How many times have we said that recently? The first 5-0 Ashes defeat for over 80 years? Failing to win a live game against a major Test-playing nation at the World Cup? Losing at home to India? Getting bowled out for 81 in Sri Lanka? Being timidity personified in Hamilton against an admirable but not overly threatening attack, against whom England batted for 173 overs, but scored at a soporofic two-an-over, and then subsiding pathetically in the second innings for 110? Coming on the back of New Zealand being decimated by the IPl and ICL, to whom they essentialy lost half their side including their most valuable player, Shane Bond, that would take some beating.
And yet England have managed it. Scrapping over the follow-on target against the Kiwis at Old Trafford was just about as depressing as it comes. Dan Vettori has bowled with mesmerising guile (much better in fact, than he bowled in New Zealand), while Ian O'Brien has been fantastic. But England have been diffident and pathetic, showing no inclination to hit bowlers off their rhythm, allowing themselves to be trapped in their crease meekly, barely able to hit a run and just wait for their inevitable dismissals. If New Zealand have been fantastic, it is in large part because they have been allowed to be.
With the ball, England were far too loose, once more unable to exploit fairly helpful conditions. The bowlers seem incapable of thinking on their feet. While Ross Taylor played a phenomenal innings, testament to his rare talent, England totally lacked discipline or skill. James Anderson is far too erratic for Test cricket, and must immediately be dispensed with. Monty Panesar's downward curve continues; he is symptomatic of England's struggles when the opposition do something unexpected.
A damning indictement of this side is they have not learned from their feebleness in Hamilton, and have repeated all the same mistakes. The batting was abject once more. It is an oft-quoted statistic that all the top six average over 40, but those averages have been in decline for some time. Furthermore, the averages are boosted both by feasting on minnows and today's generally easier batting conditions. 40 is clearly no longer the mark of a top-class Test batsman. The batting lineup seems fundamentally flawed, and rejigging the pack cannot disguise it. Men of skill and desire, such as Owais Shah and Rob Key (and, given the desperation of the situation and the need to win the next game, rather than plan for some mythical date in the future, perhaps even Mark Ramprakash or his captain Mark Butcher, enjoying the purplest of patches), should be brought in, not just for the quality they possess but for the message it would send. The decision to drop Andrew Strauss and simultaneously hand him a new central contract was a half-hearted signal at best; and he got back in without making a run.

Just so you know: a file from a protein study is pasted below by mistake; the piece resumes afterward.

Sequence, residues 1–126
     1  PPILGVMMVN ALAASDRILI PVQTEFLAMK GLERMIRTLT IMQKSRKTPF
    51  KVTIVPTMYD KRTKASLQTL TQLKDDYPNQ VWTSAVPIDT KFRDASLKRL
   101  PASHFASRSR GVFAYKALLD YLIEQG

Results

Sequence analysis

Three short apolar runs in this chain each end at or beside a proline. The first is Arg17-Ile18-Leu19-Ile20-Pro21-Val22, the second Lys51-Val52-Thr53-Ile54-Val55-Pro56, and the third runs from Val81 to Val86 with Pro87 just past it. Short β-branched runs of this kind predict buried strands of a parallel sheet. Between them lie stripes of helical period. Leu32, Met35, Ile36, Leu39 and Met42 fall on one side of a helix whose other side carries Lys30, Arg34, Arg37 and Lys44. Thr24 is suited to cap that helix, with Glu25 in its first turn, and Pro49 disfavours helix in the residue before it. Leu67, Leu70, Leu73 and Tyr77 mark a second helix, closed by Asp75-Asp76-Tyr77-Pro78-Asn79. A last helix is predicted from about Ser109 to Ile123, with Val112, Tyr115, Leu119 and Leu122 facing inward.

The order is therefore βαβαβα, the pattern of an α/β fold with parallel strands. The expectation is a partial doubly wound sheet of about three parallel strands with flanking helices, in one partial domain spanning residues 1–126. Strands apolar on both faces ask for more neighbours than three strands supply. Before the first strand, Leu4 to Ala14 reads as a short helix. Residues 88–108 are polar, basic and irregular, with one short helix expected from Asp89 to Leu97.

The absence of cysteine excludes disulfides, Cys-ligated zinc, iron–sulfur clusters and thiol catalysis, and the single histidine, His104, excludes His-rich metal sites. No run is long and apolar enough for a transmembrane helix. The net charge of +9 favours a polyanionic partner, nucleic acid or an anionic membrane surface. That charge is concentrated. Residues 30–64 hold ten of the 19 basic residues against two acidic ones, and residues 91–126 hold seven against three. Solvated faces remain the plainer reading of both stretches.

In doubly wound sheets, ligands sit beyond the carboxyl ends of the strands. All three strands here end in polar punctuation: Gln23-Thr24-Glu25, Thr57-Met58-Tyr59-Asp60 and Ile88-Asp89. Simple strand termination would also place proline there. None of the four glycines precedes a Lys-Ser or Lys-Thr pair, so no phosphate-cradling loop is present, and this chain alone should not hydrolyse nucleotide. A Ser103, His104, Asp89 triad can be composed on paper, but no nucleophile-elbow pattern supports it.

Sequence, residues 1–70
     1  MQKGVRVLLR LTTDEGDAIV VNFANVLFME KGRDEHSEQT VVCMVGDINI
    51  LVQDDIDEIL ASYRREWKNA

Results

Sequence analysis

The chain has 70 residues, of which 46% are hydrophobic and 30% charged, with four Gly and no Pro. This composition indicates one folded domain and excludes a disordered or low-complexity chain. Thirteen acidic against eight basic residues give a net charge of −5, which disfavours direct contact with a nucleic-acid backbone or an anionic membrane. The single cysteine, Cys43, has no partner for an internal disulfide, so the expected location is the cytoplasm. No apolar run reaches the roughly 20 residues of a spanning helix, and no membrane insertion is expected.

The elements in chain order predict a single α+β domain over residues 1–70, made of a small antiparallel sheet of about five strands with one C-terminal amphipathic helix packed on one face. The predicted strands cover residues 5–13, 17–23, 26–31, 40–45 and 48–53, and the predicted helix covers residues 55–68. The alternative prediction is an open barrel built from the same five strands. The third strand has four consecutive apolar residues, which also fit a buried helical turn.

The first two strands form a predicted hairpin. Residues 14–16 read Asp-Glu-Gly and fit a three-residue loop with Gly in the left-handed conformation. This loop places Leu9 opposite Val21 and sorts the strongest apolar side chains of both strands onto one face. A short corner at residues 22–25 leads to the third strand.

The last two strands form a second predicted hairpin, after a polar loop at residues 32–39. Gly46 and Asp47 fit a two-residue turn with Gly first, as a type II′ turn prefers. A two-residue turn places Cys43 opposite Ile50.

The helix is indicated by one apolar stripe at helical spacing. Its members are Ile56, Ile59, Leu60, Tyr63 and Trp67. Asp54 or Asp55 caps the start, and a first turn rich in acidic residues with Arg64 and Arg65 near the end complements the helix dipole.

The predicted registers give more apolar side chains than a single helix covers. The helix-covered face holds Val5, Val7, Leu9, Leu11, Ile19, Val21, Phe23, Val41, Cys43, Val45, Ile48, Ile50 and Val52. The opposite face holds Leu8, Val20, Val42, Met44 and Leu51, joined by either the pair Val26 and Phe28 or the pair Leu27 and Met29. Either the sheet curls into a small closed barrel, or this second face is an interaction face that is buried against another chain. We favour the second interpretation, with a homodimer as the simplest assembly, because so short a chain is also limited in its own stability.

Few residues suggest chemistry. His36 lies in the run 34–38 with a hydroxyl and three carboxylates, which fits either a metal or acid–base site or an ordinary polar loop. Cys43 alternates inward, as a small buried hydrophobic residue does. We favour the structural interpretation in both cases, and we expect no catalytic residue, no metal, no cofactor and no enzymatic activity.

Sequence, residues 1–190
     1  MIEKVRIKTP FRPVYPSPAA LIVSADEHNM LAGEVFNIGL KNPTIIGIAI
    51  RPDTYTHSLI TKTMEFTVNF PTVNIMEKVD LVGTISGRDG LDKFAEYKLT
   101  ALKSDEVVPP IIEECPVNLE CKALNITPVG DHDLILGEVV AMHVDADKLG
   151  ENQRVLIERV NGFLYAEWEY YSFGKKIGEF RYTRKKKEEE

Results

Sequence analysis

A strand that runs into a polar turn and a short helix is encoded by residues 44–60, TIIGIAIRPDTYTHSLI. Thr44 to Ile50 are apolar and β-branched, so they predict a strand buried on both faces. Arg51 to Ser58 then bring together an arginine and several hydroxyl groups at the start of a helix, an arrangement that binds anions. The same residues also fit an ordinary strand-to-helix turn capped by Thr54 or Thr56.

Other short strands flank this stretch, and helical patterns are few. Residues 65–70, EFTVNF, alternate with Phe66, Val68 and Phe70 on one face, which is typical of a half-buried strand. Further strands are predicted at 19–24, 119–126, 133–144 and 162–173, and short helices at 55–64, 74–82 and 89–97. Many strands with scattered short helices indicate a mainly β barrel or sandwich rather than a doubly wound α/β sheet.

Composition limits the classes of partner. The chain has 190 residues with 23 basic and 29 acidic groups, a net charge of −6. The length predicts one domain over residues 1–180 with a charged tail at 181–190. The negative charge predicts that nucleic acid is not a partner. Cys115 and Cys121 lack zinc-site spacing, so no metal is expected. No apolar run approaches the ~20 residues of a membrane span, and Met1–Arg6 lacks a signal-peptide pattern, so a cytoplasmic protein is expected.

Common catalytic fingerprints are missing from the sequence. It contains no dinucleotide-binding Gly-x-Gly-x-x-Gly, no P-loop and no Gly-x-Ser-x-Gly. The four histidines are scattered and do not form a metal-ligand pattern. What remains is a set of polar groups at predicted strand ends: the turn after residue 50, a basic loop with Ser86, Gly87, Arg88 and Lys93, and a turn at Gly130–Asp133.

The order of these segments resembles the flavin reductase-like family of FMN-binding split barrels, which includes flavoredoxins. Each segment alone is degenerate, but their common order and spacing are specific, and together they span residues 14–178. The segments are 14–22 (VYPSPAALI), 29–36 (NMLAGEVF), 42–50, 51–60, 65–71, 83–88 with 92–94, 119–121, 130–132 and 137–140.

The skipper led by example, eeking out an agonising 133-ball 30. He often talks of helping his players "express themselves"; yet he himself was patently incapable of doing that. Ian Bell's innings surprised no one - a painstaking start followed by a somewhat half-hearted waft outside offstump.Paul Collingwood, for the second consecutive innings, looked out of his depth. He maximises his talent, certainly, but is painfully out-of-form - he has hit just 39 runs in seven innings this season - and, ultimately, is simply perhaps not good enough at Test level, whatever an Ashes double-hundred may suggest. The most depressing innings, however, was played by England's best batsman.
Kevin Pietersen has gradually gone from being a maverick, and a genius capable of decimating the bowling with his idiosyncratic brand of fearlessnes, into a man seemingly lacking faith in his own ability. The transformation was inevitable in some respects (as I have discussed before), and is not without its benefits. Maturity has brought some positive aspects, of course, but it is grim watching the contrast between him and Taylor, surely no more talented, on the same pitch in the same match.
This is, at last in part, an indictement of the England set-up. Are players so well-rewarded, that they are so desperate to cling onto their places that they are paralysed by fear? The culture appears to gradually suck the individuality out of players; they are spoon-fed by legions of support staff, and subsequently have lost the ability to think for themselves. This extends even to the captain and coach, who refrain from indulging in horses-for-courses of any sort - the merits of which were reaffirmed by O'Brien's sterling endeavours here. The stability of central contracts has clearly gone way too far: it appears easier to get into the side than out of it. What to do? Sack the lot of 'em? England need a shakeup of sorts, even if it has the whiff of '90s short-termism about it.